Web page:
During this very challenging and unprecedented season in the world, it’s very normal to experience heightened stress and anxiety amidst so much change and uncertainty. While stress is an inevitable part of our lives, we need to understand how best to manage it so that we can thrive. It’s not just about knowing the best methods of stress relief, of course, but you have to proactively practice these self-care techniques to feel better.
So review these recommendations, and find a way to integrate some or all of them into your life. Find out what works best for you, and then make it a habit. Your body and mind will feel better, and your family or roommates likely will appreciate your efforts.
- Exercise – Of course, you knew this would be first, right? After all, Octane makes fitness equipment! You don’t have to always do HIIT or go for a run, but mix up your routine to stay motivated and reduce your risk of injury. Try yoga or Pilates, go for a swim, take a stretch class or learn something new, like Zumba. Physical movement helps release stress and produces endorphins so you feel better.
- Recover – Finally, recovery methods are becoming increasingly available and actively promoted for more than just athletes. Recovery refers to taking care of your body after workouts or competitions so you promote healing, maintain your exercise routine and ultimately enhance performance. Try foam rolling, massage, acupuncture, heat therapy, compression treatments, cryotherapy and more.
- Eat healthy – Not a surprise. You must fuel your body with nutritious foods, as opposed to processed items, fast food, or sugary or fatty choices, to maintain your energy and immunity. Also, be sure to hydrate sufficiently with plenty of water and limited consumption of juice, soda, coffee and alcohol.
- Rest – Even when you are dealing with a packed schedule or feel overwhelmed with demands, you must rest to perform at your best and ultimately use your time more efficiently. Try to go to bed earlier if necessary, and put down your phone or skip the evening news. Take short catnaps (less than 30 minutes) if you can.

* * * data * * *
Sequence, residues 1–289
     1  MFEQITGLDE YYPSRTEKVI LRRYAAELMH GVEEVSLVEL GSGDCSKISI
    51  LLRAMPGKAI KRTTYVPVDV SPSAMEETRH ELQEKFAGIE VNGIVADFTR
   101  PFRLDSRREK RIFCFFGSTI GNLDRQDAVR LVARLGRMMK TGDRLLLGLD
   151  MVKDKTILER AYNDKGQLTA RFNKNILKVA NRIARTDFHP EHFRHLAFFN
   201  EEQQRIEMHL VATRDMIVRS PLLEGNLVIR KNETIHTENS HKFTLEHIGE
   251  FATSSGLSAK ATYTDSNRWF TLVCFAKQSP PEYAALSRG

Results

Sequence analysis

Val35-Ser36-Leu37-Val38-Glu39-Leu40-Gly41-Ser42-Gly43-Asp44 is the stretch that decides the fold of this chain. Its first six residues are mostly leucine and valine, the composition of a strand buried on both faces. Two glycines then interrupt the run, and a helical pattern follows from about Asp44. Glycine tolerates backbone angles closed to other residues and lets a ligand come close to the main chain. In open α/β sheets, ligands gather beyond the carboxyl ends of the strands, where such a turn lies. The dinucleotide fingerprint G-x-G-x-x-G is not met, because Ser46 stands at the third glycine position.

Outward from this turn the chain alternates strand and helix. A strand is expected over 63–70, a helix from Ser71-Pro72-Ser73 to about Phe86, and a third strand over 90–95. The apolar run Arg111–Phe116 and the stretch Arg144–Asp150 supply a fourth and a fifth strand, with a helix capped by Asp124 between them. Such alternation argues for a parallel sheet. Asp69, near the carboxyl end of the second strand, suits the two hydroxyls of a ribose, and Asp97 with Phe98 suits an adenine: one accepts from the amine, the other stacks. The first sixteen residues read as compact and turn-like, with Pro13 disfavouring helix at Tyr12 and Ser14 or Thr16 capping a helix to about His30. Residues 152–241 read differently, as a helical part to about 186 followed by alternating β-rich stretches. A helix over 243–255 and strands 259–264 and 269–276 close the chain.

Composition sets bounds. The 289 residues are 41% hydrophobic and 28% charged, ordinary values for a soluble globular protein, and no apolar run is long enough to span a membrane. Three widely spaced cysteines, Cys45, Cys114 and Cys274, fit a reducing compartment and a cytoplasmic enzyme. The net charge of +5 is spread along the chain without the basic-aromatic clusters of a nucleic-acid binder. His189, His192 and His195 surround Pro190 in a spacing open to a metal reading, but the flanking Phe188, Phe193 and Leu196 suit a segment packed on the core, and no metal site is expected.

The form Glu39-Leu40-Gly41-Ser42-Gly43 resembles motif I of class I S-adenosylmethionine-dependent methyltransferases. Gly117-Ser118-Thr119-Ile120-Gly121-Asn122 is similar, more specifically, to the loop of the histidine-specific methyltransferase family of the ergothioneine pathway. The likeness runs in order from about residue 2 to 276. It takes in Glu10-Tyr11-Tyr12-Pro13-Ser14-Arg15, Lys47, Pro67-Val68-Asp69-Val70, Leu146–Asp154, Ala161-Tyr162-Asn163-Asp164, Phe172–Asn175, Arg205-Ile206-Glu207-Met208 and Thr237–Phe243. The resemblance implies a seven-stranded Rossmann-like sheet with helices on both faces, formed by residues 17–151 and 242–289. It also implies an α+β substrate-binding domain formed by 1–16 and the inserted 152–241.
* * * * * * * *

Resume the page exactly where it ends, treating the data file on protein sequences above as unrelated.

- Get outside – The outdoors provides a valuable change in perspective, along with fresh air and sunshine, which all can help relax and renew you. Multi-task by taking a hike or going for a jog or bike ride, or simply sit and have a meal, read or hang out in a lounge chair.
- Control your mind and body – Meditation, controlled breathing exercises, prayer and progressive relaxation techniques provide opportunities to center the mind and connect with your body. These also serve as a way to deliberately engage your brain so you can’t dwell on stressful thoughts.
- Practice gratitude – Life is hard and stress is real. At the same time, we choose our emotions, and consciously looking for and acknowledging things to be grateful for improves your outlook, strengthens your resiliency and boosts your health.
- Enjoy leisure activities – No matter how busy you are, make time for hobbies or activities that bring you pleasure, such as reading, gardening, artwork or watching a favorite TV show. Prioritize these to refuel your spirit.
- Cut back – It’s OK to say no to some invitations or opportunities in order to get control of your schedule. Perhaps reduce or rearrange commitments where possible – volunteer twice per month rather than weekly, don’t join a committee, organize a kids’ carpool, etc.
- Enlist support – Ask for help from family, friends, co-workers or neighbors if necessary, and you’ll find that many people want to assist. Seek counseling or a support group for ongoing or more pressing needs.